Dennis Moritz's adaptation attempts to do all of these things, and more. To translate Sophocles's poetry into modern poetry. To translate it into clear vernacular prose. To give a '90s interpretation of Medea. To prove her modernity through anachronistic language ... In short, it attempts to do far too much, ultimately jumping from style to style, and from perspective to perspective, without reconciling them into a unified piece of theater.
In the more poetic moments, Moritz capitalizes well on rhythm and repetition, weaving words together in waves, echoing and re-echoing themes and phrases. Unfortunately, he shifts periodically into unimpressive, plain prose that is sometimes natural and effective, sometimes forced and anachronistic, relying on overly modern cliches. Thus Jason the businessman tells Medea ``You hold me back,'' but ``I'll always have a warm spot for you,'' and refers (more than once) to their children as his ``jizm splash.'' Ultimately, rather than either working together or actively commenting on each other, these disparate elements undermine the play, frustrating any sense of coherence.
The performances, as a whole, were quite good. Shelita Birchett's Medea was powerful. She was at her best when being manipulative, and never quite able to be pinned down. Redman Maxfield's Creon was a delightful aging queen of a ruler, his fey ineffectiveness nicely contrasting Medea's power. Christopher Kendra's Jason, however, was a one-level shit.
The production was helped by Shelita Birchett and Frances M. Mammana's generally excellent costume design, which evoked a colorful, exotic world for the principals and the female chorus (Marianne Ryan, Jacqueline Sydney, Erin Smith, Anne Delano, and Janice Hughes). The male chorus (Steve O'Brien, Bart Goodell, and Frank Serafin) was less fortunate, the guards outfitted in small strips of too-clean white cloth that left their (admittedly divine) bodies exposed, and led them to look like a cross between Greek statues and modern underwear billboards.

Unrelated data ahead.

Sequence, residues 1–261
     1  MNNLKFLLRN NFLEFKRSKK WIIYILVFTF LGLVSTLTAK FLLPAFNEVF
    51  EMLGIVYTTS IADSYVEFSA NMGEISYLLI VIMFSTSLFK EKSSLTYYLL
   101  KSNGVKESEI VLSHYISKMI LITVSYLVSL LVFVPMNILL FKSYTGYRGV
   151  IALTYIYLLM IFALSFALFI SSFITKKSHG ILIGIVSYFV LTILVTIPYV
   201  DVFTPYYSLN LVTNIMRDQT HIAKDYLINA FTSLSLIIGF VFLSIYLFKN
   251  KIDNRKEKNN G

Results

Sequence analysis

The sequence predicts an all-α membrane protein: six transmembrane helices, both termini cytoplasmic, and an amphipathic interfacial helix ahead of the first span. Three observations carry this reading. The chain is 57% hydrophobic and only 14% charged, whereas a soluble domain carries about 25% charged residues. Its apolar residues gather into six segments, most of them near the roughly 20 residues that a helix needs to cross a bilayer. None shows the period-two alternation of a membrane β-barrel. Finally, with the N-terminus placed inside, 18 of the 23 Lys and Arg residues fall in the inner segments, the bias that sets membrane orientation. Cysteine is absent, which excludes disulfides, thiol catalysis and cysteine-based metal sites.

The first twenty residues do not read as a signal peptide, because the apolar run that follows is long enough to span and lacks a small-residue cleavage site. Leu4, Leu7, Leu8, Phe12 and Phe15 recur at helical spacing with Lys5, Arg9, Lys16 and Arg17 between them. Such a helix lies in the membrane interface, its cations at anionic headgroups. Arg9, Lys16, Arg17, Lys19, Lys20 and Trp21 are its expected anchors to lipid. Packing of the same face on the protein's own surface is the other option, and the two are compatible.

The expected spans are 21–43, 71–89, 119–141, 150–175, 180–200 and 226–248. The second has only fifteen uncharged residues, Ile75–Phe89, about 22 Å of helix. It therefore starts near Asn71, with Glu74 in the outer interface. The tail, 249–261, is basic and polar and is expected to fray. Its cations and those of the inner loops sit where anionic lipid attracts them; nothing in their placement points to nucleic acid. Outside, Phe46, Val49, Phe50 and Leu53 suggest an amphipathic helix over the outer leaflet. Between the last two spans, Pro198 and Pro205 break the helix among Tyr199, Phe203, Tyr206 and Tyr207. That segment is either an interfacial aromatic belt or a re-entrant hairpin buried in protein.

Despite its flaws, the production reached one moment of brilliance. Medea, having plotted the death of Jason's new wife (Erin Smith) has created a poisoned gown, an exquisite, glittering creation of white silk and shards of mirrors. The gown was dangerously radiant as it shot beams of light back into the audience's eyes. The actual death was signaled by a blood-curdling off-stage scream, and a messenger entered to tell Medea the story. In the finest performance of the evening, full of hatred for Medea, the messenger, Tracy Lynne Kindell, physically similar and costumed almost identically to Medea, became Medea's double. The image of Medea became refracted into teller and listener, as if Medea looked, smiling, into a mirror that condemned her. Moritz's language and Michael Leland's direction were at their finest in this monologue -- effectively blending the prose and poetry, the modern and the classical here as nowhere else in the script, and providing a startling and powerful visual metaphor for the uncategorizable, endlessly reinterpretable nature of Medea.
Copyright 1996 Sarah Stevenson
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